When our heroes deserve our help
THE plight of veterans who have served their country but now suffer from mental and physical injuries is rightly a weight on the conscience of the nation.
Veterans have told us of their difficulties accessing benefits. Navigating the bureaucracy of the welfare system is a challenge for many families, but coping with this pressure while also suffering from PostTraumatic Stress Disorder (PTSD) could push people into a state of anguish.
We have heard why some veterans find the prospect of going to an assessment centre to determine whether they qualify for benefits so intimidating. It is not just anxiety about their finances which makes them dread the thought of this journey; the idea of going into such an unfamiliar environment is a nightmare for some former service personnel whose lives are now blighted by panic attacks.
We owe it to people who signed up to serve in conflict environments that we do everything we can to help them adjust to civilian life and cope with the legacy of their time in danger zones.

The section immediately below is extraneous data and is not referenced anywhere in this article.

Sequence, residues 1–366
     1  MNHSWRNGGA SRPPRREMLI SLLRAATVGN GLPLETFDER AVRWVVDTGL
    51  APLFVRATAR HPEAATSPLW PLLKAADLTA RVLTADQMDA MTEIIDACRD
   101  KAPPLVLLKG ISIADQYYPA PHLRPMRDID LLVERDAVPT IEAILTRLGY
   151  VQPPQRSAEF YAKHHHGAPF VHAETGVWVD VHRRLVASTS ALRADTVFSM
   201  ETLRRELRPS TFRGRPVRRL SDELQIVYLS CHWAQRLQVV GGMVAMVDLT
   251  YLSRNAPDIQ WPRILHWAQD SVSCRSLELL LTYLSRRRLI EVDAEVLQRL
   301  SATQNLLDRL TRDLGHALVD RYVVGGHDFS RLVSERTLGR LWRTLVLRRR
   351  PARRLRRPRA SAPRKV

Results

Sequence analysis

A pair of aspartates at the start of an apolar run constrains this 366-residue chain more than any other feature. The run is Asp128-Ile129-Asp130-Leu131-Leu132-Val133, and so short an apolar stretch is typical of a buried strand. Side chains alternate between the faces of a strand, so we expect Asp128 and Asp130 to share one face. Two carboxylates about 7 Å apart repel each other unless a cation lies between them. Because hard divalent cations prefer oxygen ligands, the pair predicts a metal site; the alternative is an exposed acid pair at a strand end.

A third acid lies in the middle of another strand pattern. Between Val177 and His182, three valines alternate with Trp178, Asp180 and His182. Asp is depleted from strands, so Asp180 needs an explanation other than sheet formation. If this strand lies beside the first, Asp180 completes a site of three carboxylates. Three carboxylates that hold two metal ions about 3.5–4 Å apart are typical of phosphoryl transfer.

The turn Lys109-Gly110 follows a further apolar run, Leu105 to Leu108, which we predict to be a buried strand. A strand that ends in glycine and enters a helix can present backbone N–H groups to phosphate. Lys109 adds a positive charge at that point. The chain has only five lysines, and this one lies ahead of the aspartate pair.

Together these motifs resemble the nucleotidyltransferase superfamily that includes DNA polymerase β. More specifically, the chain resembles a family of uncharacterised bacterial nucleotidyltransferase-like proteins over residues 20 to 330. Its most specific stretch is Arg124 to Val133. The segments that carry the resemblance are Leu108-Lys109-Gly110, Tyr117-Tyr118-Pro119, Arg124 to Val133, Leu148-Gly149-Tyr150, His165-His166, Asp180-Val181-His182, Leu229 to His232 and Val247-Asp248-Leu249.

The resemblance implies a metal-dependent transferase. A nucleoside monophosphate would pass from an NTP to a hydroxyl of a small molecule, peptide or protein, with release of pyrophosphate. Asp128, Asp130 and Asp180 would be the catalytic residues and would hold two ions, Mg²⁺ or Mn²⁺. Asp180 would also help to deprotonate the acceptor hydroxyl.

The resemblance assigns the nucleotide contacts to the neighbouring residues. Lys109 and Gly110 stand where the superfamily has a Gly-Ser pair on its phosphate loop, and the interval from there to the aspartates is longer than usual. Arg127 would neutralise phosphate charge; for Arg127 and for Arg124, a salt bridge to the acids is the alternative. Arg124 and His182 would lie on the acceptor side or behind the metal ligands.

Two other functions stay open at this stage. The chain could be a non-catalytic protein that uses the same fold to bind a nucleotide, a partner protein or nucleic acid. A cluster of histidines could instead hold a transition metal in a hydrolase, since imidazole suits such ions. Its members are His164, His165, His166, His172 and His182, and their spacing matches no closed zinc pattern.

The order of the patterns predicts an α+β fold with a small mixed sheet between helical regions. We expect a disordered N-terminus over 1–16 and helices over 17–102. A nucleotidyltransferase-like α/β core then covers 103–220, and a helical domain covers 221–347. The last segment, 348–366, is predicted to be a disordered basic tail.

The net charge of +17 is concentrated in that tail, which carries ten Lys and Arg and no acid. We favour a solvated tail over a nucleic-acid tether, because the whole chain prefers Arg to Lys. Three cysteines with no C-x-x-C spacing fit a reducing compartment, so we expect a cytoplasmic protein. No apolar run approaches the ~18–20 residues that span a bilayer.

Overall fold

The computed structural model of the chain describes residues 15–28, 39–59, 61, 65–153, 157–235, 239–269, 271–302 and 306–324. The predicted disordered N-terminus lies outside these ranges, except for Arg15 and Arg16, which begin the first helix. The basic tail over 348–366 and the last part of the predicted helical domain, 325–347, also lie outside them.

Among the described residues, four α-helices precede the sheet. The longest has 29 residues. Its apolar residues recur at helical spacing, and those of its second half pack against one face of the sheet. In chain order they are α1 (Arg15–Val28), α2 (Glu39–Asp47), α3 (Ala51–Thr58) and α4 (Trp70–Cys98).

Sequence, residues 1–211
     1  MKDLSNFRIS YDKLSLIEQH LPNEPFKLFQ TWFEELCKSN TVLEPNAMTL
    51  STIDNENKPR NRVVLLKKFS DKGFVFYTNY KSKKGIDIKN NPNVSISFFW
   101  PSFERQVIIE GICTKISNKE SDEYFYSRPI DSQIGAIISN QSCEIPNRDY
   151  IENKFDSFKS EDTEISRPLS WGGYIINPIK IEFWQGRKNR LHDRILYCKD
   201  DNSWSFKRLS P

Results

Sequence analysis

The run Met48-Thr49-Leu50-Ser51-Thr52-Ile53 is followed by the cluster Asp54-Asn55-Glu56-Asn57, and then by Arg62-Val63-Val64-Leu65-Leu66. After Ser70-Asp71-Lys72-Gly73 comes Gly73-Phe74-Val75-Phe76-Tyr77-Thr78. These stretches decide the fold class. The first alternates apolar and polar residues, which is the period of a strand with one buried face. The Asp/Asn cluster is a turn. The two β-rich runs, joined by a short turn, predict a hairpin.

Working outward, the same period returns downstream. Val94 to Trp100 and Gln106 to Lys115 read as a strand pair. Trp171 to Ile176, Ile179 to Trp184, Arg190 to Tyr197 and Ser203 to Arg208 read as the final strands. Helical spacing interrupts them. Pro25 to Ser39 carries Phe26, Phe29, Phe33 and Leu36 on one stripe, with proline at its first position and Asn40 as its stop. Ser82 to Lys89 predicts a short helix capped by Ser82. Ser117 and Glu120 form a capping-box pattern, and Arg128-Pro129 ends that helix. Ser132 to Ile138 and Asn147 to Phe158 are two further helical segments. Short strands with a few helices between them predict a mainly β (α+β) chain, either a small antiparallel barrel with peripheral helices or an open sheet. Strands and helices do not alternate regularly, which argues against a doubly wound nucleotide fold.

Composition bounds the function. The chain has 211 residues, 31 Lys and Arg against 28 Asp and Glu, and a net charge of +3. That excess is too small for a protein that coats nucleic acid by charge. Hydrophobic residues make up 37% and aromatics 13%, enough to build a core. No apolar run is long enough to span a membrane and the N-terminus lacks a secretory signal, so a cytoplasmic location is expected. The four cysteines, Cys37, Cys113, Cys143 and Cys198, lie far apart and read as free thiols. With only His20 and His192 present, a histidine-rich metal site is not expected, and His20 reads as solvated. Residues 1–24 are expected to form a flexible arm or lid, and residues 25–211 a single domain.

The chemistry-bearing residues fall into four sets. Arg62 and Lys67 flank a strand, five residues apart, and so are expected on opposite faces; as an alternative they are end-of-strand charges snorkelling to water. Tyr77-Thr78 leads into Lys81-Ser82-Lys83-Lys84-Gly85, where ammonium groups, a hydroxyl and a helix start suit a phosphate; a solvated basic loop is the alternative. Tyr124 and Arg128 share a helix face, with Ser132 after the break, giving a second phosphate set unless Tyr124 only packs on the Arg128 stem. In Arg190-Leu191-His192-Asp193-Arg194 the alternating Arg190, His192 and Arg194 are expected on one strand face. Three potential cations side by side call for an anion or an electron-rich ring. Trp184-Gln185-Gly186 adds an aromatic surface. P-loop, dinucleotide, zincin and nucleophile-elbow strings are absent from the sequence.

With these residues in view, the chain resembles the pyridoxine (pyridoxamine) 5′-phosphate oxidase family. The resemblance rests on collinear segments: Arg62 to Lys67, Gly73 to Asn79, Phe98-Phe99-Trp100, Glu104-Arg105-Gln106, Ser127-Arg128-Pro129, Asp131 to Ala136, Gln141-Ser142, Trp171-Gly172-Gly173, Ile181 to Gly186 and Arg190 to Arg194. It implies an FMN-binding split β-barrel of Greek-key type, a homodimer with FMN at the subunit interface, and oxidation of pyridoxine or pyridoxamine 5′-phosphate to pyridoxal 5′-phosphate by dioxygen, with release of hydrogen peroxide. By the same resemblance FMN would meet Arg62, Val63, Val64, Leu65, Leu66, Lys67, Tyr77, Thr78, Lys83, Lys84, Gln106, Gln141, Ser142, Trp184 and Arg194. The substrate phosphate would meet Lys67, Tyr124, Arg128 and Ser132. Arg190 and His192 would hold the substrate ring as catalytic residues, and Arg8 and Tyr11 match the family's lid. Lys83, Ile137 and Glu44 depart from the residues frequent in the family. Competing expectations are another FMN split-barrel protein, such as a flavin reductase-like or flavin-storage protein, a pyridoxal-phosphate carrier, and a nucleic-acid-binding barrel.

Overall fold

Men and women who volunteer to serve in battles are not cowardly or lazy; we can understand why they will feel aggrieved if benefits assessors will not come to meet them in their homes instead of expecting them to trek to centres.
The difficulty of living with PTSD cannot be over-estimated. Many people are not able to escape decades-old trauma and are haunted by what they have experienced.
In communities across Britain, veterans shudder daily as they recall images of horror and moments of extreme danger, and mourn the loss of comrades who died while serving their country.
Families will do their best to support loved ones who bear mental and physical scars but few people will be able to relate to what they witnessed and endured.
It is imperative that care for servicemen and women does not end when someone leaves the barracks for the last time; it should be assumed that all veterans will be supported as they start the next chapter of life.
For some, injuries will mean they will not be able to jump into new careers, and they may struggle to cope with social environments. Too many veterans end up homeless and in personal turmoil.
Charities such as the Welsh Veterans Partnership do important work but we should ensure the mechanisms of the state also help and do not hinder heroes.